Gulf communities in South Florida have a bubble during the COVID-19 pandemic

The Country Club at Mirasol in Palm Beach Gardens is one of many private golf clubs in South Florida that suffered a bubble during the coronavirus pandemic.

South Florida golf club communities have many factors that make them successful: Chamber of Commerce weather which allows residents to practice the sport virtually every day, Hall of Fame architects who want to live in the community and work on site. Add in an abundance of land and resources that can be sculpted into your own city.

Add another undreamed-of benefit: a bubble during the coronavirus pandemic.

While COVID-19 has changed the way we live, it has undoubtedly had an impact on an industry that has had problems for the past decade.

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The numbers speak for themselves.

“May was our best month ever in home sales and membership sales, and June is going to be even better,” said John Jorritsma, director of sales and marketing for The Club at Ibis in West Palm Beach. “We made a sale every other day on average over the past year.”

This doesn’t just apply to The Club at Ibis, a community of 1,840 people on Northlake Boulevard. This is the case in practically every golf club community in South Florida, large or small, on the water or inland.

“The real estate market in South Florida has been incredibly hot, probably hotter than ever,” said Matt Lambert, general manager of the Country Club at Mirasol in Palm Beach Gardens. “As difficult as COVID has been to deal with, the silver lining for residential country club neighborhoods is that it has been fantastic for business.”

As the South Floridians have noticed with all of the different license plates, most new buyers are not local. They’re usually from the northeast, some are so ready to move that they’ve bought homes without even visiting.

The pandemic forced many companies to close their offices and allow their employees to work remotely. If you wanted to live anywhere, where would you choose South Florida or South New Jersey?

“I keep hearing the same story, a slightly different version: ‘I was stuck at work at home last winter, cooped up inside and won’t do it again,” said Ann Jara, real estate director at The Club at Quail Ridge in Boynton Beach, which, like most large community realtors, is struggling to hold onto.

“Some are retired, some are not, some from the northeast. They have to be somewhere they can be out. Everyone wants to be here. “

In addition to golf, The Club at Ibis in West Palm Beach also has an outdoor gym to attract potential residents.

Golf is one of the few sports that can be safely practiced during a pandemic. The sprawling nature of the sport creates social distancing, and the clubs have taken additional precautions such as:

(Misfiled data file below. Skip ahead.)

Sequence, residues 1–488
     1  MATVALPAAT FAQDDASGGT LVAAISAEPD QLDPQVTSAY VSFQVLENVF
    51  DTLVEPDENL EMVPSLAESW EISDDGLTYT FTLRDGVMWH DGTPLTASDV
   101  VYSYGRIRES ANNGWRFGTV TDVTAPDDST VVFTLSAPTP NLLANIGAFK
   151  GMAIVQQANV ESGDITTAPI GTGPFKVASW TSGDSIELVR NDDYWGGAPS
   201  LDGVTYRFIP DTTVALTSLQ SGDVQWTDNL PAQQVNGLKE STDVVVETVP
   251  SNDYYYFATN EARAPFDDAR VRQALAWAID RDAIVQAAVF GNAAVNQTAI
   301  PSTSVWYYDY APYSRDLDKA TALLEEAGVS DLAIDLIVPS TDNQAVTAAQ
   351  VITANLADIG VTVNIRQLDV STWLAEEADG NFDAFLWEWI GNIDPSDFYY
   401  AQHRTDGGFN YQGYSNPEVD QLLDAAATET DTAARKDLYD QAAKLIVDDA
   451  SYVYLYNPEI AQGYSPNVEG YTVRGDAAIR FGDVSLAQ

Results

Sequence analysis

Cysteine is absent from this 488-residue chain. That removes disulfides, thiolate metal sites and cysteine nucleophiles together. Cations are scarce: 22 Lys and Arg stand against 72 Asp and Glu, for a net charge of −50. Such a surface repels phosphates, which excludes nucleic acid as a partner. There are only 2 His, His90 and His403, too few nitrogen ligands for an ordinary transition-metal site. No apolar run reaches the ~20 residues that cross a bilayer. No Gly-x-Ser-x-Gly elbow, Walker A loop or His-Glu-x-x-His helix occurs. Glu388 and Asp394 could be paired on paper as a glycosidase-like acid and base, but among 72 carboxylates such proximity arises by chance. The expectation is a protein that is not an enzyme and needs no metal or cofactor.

Golf became more popular. The National Golf Foundation reported that rounds played in the US last August increased 20.6 percent compared to 2019. That’s 10 million more rounds, the biggest year-on-year increase in 20 years.

According to the report, it was even rosier in Florida, where the Sunshine State saw an increase of 37 percent. Only Texas (39 percent) had a bigger jump.

But it’s not just golfing. People want security. People want space. People want to be with others who share the same concerns.

“We have added many more outdoor amenities such as TopTracer, an outdoor gym and more outdoor seating in our restaurants,” said Jorritsma. “We have a food truck that drove into our communities to deliver ice cream and margaritas, we added a new outdoor kitchen with a pizza oven on the driving range, and we ate an average of 300 takeaway meals a day during COVID.”

Golf Life Navigators, a Naples-based company that helps home buyers find golf clubs, recently released a survey that showed interest in residential golf communities is growing. GLN said home purchases on the gates of a golf community increased 9 percent to 58 percent, and the marketplace of buyers combining the club and home search hit 78 percent.

“COVID may have affected consumer attitudes about their whereabouts, most likely due to the safety of the club and the controlled environment,” said Jason Becker of GLN.

Not only has the interest of local golf club communities increased, the demographic has also moved in a better direction: younger buyers. That speaks well for the future.

“When I moved here in 2003, Florida was all about the elderly and retirees,” says Lambert, who has been GM at Mirasol since 2003. “Now a lot of young families are moving here. They want to be in a place where their children can be outside 12 months of the year. “

While the effects of COVID-19 have subsided due to vaccinations and increased awareness, most don’t see the golf club community market cooling anytime soon. Demand remains strong and there are only so many apartments available.

“Living in Florida has many advantages,” said Jorritsma of Ibis. “The weather, no state income tax, and easy travel with multiple airport options. That will never change. “


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